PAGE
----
An easy way to tell how much masking to use is to hold down the Option (Alt) key while dragging. White areas will be sharpened; black areas are ignored (masked). Try this out: Hold down the Option (Alt) key and drag slowly to the right. A value of 50 seems to be the right balance for this image.

  3. Noise reduction controls let you remove extra grain from the image:
    • Luminance. Reduces luminance noise. Set this to 10 for this image (it’s not very noisy).
    • Luminance Detail. Sets a threshold for the noise reduction. Higher values preserve detail but can produce noisier results. Lower values tend to produce cleaner results but likely remove some detail. Use a value of 80 to preserve more details.
    • Luminance Contrast. Works best for very noisy photos. A value of 80 works well for this image.
    • Color. Reduces color noise. The default is fine for this image.
    • Color Detail. Use a higher value to protect detailed edges. A lower value preserves more color but can result in color bleeding. The default is fine for this image.
  4. Toggle the check box for Preview to see the before and after states. This image is very subtly changed.
  5. Click the Zoom Levels presets list and choose Fit In View.
  6. Make sure the Preview check box is selected, and then click the HSL/Grayscale tab.

HSL/Grayscale

The HSL/Grayscale tab offers fine-tuning controls for Hue, Saturation, and Luminance adjustments. The most typical use of this tab is to target a particular color or tone that needs emphasis.

  1. Select the Saturation tab.
    fig_10-74.jpg

    Before

  2. Drag the Red slider to the left to deemphasize the Red tones.

    Try a value of –10 for this image.

  3. Drag the Blue slider to the right to boost the sky further.

    Try a value of +25 for this image.

    fig_10-74a.jpg

    After

    The image on the top is prior to adjustments. On the bottom, the increased saturation comes through.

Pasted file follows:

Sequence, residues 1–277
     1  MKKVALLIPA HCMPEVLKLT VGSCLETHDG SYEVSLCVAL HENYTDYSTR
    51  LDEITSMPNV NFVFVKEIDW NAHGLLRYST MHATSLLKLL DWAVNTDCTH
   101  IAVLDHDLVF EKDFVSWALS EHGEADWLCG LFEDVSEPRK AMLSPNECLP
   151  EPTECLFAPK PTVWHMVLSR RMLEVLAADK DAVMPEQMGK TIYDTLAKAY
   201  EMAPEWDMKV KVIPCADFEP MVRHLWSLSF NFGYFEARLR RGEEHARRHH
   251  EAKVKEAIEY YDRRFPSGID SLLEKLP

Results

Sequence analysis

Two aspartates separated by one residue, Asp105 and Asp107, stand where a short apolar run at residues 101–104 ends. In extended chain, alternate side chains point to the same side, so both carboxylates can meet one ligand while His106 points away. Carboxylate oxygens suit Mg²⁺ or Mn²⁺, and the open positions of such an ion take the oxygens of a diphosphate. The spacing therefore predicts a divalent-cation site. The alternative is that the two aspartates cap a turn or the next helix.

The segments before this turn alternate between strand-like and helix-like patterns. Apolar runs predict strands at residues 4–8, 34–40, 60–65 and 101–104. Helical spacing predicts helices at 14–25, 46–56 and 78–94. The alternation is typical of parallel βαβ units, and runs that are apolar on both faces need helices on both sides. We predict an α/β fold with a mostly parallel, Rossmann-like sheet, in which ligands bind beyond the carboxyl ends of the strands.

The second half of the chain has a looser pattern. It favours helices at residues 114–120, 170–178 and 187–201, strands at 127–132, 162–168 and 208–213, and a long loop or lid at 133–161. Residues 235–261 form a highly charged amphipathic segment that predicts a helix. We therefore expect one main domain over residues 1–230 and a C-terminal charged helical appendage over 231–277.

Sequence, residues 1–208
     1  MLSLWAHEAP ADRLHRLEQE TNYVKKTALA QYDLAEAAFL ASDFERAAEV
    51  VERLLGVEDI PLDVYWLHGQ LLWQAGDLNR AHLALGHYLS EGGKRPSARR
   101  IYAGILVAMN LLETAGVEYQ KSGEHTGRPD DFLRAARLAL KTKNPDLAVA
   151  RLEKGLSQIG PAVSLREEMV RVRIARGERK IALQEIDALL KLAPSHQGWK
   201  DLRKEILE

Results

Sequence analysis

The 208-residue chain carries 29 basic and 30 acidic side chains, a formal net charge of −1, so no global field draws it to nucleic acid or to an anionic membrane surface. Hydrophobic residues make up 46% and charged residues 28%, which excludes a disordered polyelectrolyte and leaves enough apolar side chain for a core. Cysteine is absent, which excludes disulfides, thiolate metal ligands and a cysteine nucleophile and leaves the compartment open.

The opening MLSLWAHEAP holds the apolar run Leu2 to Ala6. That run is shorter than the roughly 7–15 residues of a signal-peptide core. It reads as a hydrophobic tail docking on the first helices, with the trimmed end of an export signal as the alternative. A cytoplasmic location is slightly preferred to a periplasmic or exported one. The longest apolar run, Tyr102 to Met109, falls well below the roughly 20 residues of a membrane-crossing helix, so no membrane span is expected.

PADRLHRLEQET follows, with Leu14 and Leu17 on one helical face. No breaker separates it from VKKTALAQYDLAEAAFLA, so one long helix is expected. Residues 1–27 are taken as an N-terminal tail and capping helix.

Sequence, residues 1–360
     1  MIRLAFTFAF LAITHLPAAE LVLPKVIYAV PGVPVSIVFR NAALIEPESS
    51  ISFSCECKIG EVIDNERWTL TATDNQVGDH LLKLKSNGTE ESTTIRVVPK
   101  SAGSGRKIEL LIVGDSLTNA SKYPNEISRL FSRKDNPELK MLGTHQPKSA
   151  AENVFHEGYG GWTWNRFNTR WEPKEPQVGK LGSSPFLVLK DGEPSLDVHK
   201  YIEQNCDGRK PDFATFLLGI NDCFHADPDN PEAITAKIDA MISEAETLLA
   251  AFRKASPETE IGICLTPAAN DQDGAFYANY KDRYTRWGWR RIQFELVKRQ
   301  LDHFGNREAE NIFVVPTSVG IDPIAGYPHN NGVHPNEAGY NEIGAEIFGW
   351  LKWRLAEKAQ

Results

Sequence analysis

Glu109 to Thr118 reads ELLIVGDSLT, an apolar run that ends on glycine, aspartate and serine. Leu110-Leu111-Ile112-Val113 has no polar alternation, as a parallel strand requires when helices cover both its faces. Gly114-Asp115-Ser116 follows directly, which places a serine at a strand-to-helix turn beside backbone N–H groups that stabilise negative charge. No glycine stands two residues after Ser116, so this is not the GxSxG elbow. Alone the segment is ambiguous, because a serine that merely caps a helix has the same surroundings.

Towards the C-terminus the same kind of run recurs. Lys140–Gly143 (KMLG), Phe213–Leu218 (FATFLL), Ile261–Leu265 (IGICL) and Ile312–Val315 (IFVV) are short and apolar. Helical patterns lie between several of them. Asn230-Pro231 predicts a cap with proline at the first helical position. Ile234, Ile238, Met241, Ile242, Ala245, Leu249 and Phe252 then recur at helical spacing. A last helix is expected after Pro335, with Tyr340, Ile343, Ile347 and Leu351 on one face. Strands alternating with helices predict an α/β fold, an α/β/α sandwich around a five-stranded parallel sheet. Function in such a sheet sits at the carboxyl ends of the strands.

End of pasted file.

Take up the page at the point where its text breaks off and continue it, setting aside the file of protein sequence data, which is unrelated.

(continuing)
4. Switch to the Luminance tab to change the brightness of a color range.
  5. Enter a value of +15 for both the Red and Orange sliders to lighten the rocky areas of the mountain.
  6. Toggle the check box for Preview to see the before and after states.
  7. Make sure the Preview check box is selected, and then click the Split Toning tab.

Split Toning

The Split Toning controls are used when you want to color a grayscale image. It only works if you select the Convert To Grayscale in the HSL/Grayscale tab or work with a grayscale image.

Click the Lens Corrections tab.

Lens Corrections

The Lens Corrections tab attempts to compensate for defects in lens technology. The first tab lets you automatically compensate for any physical distortion based on a lens profile.

  1. Click the option for the Enable Lens Profile Corrections.

    Photoshop automatically removes some of the wide-angle distortion from the image. You can refine the adjustment using the third tab (Manual).

  2. At the bottom, you can adjust for lens vignetting. This lets you compensate for shadows caused by the lens or hood.
    fig_10-76.jpg
  3. Click the second tab (Color) to adjust for common problems like chromatic aberration.

    This particular image suffers from neither issue. Chromatic aberration shows as fringing in the color, particularly at the edges of the image. It is easiest to see aberration at 100% magnification.

  4. Click the Effects tab.

Effects

The Effects tab can be used to stylize the image. It is used to add photographic imperfections that were more typical with film-based cameras. You can choose to simulate film grain or apply a post crop vignette to the edges.

  1. Double-click the Zoom tool to switch to 100% magnification.

    It’s easiest to accurately judge grain at a 100% view.

  2. Set grain to a value of 15 and a size of 35 to create a filmic type noise in the image.
  3. Click the Zoom Levels presets list and choose Fit In View.
  4. You can use a post crop vignette to stylize the images edges: